Filed under: Customs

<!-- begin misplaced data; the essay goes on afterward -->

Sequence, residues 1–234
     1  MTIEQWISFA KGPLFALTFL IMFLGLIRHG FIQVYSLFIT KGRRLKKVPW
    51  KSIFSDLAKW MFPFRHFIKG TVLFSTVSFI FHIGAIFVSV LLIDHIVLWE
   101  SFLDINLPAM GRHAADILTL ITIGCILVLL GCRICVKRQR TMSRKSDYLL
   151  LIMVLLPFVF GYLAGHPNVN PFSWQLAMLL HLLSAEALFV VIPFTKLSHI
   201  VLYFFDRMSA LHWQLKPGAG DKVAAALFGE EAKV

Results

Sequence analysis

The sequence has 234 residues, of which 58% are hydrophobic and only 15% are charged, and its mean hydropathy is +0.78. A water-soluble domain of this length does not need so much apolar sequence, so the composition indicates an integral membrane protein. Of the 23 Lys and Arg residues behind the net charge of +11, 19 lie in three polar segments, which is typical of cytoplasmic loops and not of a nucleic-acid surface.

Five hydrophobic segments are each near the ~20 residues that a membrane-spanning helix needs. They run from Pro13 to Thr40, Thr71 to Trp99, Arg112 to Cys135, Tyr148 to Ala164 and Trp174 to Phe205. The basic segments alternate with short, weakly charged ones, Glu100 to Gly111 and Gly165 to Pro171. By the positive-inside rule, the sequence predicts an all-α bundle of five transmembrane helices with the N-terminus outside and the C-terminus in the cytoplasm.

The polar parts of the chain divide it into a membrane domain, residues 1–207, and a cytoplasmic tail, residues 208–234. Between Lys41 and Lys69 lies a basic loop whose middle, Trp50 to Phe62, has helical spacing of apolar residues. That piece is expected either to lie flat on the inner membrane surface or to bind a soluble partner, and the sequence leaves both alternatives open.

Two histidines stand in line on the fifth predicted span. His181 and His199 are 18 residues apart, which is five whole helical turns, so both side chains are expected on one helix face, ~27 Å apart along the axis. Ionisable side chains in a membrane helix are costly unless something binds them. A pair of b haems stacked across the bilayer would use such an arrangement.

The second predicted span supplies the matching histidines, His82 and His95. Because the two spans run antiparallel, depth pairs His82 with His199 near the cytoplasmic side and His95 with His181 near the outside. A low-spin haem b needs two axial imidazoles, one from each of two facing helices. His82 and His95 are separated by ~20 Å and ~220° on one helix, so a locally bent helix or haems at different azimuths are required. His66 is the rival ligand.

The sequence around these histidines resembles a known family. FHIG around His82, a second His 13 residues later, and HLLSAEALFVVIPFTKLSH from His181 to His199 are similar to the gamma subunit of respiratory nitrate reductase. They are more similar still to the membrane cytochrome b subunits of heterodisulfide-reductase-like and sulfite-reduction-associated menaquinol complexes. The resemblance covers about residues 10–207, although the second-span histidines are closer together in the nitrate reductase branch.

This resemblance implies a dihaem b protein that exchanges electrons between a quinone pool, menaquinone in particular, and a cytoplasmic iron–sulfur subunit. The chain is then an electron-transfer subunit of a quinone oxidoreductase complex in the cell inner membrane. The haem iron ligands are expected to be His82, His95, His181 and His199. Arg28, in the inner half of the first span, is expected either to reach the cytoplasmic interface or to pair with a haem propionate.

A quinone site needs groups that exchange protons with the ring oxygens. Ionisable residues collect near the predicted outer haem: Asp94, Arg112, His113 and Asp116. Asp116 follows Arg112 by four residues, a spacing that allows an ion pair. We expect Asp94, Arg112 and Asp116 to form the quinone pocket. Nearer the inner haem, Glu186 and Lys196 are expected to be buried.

Love em’ or hate em’, custom fiberglass cars were exploding in popularity right along side the home-built hot rods in the early 1950s. You won’t have to search long to find a mid-century car magazine cover with a Glasspar roadster or a Devin SS sharing the spotlight with lead sleds, hot rods and dragsters. One of the earliest examples I’ve found is the 1951 Lancer built by Eric Irwin of Costa Mesa, California. Irwin actually wrote the book on how to build a plastic custom from scratch, featuring his own creation on the cover. The attraction seems pretty simple- A glass body is light, cheap, fairly strong, doesn’t rust, and can be any shape you can dream up. Just find a functional chassis from the junkyard to start with and you are on your way! His Lancer wasn’t a bad looker either, and when it debuted at Petersen’s Motorama in November of ’51 along with four other new glass sports creations, it was an instant hit. This was a car Eric threw together in a matter of months, and oddly featured a 1932 Graham chassis and Studebaker Champion flat 6 motor. Besides the bumpers which look like a monkey glued them on the car, I think the Lancer is pretty darn cool for 1951. Irwin consulted with Harley Earl as GM toyed with creating the Corvette a few years later in 1953, and would go on to create more updated versions of the Lancer for customers through the mid 50s.